New York-area basketball fans have pretty much thrown in the towel on this season. The Knicks have been one bad joke without a punchline.
The Nets: well, they're the Nets and they're in New Jersey. Despite being for years the best local and more-interesting team to watch, The New York Times decided they were no longer worthy of a beat writer and only cover home games with whatever reporter doesn't have anything else to do at night. On the road, it's the A.P. or bust.
The Knicks beat reporter at the time is Howard Beck, who reliably covers a team that keeps finding new ways to define pathetic. Beck has been with them home and away, serving more as the chronicler of the soap opera called As Isiah Turns, than reporting on meaningless games.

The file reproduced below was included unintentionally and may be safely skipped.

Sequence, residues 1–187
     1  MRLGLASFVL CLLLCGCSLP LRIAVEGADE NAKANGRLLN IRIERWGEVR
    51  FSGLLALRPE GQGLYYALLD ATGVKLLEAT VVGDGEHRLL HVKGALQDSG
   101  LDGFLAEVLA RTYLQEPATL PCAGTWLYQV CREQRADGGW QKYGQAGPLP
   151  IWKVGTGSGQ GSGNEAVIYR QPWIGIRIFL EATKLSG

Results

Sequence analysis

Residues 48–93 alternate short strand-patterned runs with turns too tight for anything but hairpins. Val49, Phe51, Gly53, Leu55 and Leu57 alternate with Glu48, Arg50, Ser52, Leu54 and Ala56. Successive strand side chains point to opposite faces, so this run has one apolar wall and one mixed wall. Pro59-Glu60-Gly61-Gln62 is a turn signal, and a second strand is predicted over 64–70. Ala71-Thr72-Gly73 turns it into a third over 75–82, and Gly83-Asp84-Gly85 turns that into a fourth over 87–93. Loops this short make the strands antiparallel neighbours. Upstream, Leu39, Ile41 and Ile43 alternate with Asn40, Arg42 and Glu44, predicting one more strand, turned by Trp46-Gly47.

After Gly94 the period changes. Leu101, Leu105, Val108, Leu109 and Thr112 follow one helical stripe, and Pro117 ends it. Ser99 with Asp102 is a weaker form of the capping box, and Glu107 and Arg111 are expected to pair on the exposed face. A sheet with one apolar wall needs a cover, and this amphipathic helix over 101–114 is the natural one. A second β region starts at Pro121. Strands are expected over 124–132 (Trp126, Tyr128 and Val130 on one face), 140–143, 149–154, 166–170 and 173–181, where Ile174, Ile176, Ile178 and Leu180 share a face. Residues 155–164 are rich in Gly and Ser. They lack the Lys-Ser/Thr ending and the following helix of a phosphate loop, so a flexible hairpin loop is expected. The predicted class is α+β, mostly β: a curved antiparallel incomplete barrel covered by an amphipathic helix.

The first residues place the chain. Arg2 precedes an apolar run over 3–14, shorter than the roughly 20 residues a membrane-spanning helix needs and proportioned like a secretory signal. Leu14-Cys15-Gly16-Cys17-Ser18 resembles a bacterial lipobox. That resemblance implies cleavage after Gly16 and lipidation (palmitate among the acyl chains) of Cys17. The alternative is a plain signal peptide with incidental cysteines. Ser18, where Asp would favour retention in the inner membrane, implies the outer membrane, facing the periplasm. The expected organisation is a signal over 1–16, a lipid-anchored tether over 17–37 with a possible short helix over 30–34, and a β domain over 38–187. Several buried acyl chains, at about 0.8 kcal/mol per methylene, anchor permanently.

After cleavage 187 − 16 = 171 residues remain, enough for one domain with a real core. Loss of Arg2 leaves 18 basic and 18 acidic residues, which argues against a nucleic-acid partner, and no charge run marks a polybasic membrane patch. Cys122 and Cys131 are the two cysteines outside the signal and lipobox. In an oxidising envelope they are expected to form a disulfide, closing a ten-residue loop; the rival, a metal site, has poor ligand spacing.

Yet, there he wasn't in today's Times.
Beck was instead dispatched to the Meadowlands to cover the overtime thriller won by the Nets, for the first time without Jason Kidd, who was traded to the Dallas Mavericks.
Instead, it was the Knicks who got the wire-service treatment. The Times couldn't even muster a stringer for the game. Maybe just as well. The Knicks lost by 40 points to the Philadelphia 76ers.
But that the Times wasn't there to record the carnage was telling, not just of the trainwreck of a team, but the ever-tightening budget at the sports department, which has already decimated its hockey coverage, despite having three local teams in playoff contention.
If the assumption is that now that spring training is started, New Yorkers no longer care about any other sport, well, that's a lousy assumption, and one of many poor judgments by the Times, whose chieftains may like to think they consistently put out an eclectic, thorough sports report.
Again, a lousy assumption.